It Was Meant For You Stop and Smell the Roses Computing
POST A COMMENT

108 Comments

View All Comments

  • fflow - Friday, April 09, 2010 - link

    It's a tempting device in many ways, but useless to me unless I can use it to stream videos from my home server. Are there any DLNA apps for the iPhone/iPad OS that work well? Reply
  • medi01 - Saturday, April 10, 2010 - link

    "I've always called the iPhone OS a very efficient UI. The ease at which you can perform primary tasks on the iPhone is what I mean by that. "

    Yep, copy & paste in particular... :)))
    Reply
  • Adul - Sunday, April 11, 2010 - link

    Tempting as it may be, I think I will wait to see what a few other devices coming down the pipe will offer. It could be an interesting year. Reply
  • MrJustin5 - Sunday, April 18, 2010 - link

    http://www.youtube.com/watch?v=OyEhWeAseSo

    Anand, once again, a great extensive review.

    But honestly, a 30-year-old Techie who is neither a Mickey$oft Fan or an Apple Fan, could not care less about this simplified and over-priced laptop-wanna-be.

    It is not "magical" as Steve Jobs said a number of times durring his Keynote speech about this gimmicky tablet, which is basically a giant iTouch.

    http://www.youtube.com/watch?v=OyEhWeAseSo

    Please do not do so many reviews of Apple products. It is NOT top priority, they are NOT life-changing or meaningful products. They are TOYS with a few functional abilities. Like a Corvette is a toy... its fast, it looks good, its expensive, but its also functional to haul a few groceries home and transport you long distances. But in th end, its an expensive toy and so is this iPad.
    Reply
  • tikblang - Friday, August 06, 2010 - link

    I bought a $2 white HP keyboard from Fry's 3 years ago, (that was the last time I visit an electronic retailer). Can I just buy a $3 female-2-female USB gender changer and use it to connect a reg KeyBoard ? What about a $10 trip-lite USB to PS2 dongle to connect a PS2-KB/Mouse?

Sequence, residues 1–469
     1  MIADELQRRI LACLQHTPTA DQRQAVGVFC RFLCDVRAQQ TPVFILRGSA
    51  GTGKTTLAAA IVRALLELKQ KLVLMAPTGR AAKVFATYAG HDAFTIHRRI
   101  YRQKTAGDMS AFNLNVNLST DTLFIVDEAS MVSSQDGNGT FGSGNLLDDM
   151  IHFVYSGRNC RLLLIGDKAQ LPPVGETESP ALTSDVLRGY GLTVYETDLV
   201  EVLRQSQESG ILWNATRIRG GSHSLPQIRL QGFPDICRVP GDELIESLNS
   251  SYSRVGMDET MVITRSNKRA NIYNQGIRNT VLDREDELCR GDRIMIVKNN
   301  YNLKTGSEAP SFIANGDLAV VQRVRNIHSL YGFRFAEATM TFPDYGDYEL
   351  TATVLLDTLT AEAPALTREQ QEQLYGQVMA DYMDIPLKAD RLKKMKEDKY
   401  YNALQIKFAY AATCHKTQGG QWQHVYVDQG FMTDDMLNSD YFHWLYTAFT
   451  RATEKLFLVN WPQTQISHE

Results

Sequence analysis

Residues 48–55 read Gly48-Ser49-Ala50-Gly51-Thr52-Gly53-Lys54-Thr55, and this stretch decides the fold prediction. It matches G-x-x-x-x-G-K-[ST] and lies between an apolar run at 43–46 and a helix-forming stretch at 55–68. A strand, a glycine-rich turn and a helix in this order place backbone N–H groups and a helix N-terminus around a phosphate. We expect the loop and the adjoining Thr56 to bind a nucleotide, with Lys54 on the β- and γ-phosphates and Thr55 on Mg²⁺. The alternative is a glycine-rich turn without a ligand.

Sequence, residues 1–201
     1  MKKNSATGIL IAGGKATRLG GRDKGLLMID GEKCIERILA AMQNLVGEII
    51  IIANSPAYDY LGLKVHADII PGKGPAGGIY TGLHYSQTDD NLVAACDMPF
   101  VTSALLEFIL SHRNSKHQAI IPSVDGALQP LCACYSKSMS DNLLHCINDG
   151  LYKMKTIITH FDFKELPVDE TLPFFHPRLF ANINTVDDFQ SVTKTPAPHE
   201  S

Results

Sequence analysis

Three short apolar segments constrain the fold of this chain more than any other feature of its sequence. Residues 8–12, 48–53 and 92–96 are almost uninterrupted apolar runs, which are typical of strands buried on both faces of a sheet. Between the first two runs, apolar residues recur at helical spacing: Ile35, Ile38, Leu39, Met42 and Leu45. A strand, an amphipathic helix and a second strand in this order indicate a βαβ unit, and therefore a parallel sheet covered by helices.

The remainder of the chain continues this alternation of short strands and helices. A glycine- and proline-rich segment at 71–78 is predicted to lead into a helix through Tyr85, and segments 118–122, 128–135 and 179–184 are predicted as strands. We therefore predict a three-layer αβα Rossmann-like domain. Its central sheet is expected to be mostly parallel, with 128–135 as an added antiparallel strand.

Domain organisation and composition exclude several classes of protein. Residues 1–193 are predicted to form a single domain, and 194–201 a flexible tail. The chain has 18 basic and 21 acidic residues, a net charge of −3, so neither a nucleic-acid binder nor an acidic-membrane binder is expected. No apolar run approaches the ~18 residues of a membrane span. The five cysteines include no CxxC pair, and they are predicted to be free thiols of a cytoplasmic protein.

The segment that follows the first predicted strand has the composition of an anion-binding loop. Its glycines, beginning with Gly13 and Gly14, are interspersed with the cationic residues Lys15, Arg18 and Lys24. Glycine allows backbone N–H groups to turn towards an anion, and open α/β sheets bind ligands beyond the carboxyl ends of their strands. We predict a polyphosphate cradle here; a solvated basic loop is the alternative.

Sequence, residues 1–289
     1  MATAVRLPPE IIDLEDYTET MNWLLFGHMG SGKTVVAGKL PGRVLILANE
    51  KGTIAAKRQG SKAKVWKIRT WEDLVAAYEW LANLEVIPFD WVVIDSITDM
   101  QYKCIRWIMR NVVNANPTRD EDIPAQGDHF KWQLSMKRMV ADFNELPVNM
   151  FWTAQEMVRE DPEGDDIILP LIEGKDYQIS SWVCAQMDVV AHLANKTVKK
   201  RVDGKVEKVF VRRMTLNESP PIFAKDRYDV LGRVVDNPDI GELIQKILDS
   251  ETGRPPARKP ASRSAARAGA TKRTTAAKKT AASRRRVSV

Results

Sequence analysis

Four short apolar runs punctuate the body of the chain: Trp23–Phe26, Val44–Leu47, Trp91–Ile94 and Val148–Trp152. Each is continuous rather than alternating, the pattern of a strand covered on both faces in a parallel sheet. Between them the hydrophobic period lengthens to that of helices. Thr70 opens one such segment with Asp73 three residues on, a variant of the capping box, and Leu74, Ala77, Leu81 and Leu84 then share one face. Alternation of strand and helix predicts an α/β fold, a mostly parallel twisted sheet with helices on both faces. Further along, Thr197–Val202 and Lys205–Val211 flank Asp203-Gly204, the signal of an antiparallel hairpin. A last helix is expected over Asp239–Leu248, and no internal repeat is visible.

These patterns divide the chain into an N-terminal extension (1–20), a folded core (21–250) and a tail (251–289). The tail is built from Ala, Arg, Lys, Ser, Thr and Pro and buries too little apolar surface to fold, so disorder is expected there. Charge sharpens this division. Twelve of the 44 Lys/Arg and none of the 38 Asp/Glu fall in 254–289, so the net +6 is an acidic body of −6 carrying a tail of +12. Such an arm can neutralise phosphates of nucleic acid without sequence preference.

I do not like new gadget (lose faith in technology) but got one (and LIKE it) from a Symantec seminar.
    Reply
  • AlfieJr - Saturday, March 19, 2011 - link

    i do get it. AnandTech is a geek site, and this iPad2 review is written by geeks for geeks, evaluating the product by geek criteria. ok. there is some meaty tech stuff in it.

    but you don't get it, apparently. the iPad is a consumer product. which the review never acknowledges. instead we get lots of a very self-centered discussion about its suitability for one user - you, the geek.

    but it's not designed for people like you. it's designed for dummies like me. it's not a PC replacement or wannabe (tho perhaps the Android tabs are). it's like comparing a car to a small plane. yes some people can drive/fly both, and they are both travel machines. but one is designed for dummies to operate and enjoy, and the other is for pilots with skills.

    you need to step outside your own frame once in a while. because the big question the iPad begs for analysis is - is this really the dawn of a new "computing" era, the so-called post PC era? which this review never touched.
    Reply
  • richard mensah - Monday, May 23, 2011 - link

    i love this Reply
  • omkarphatak - Tuesday, February 28, 2012 - link

    I see no reason why one should shell out mor than $800 for this contraption..

    http://www.buzzle.com/articles/which-is-better-ipa...
    Reply

Log in

Don't have an account? Sign up now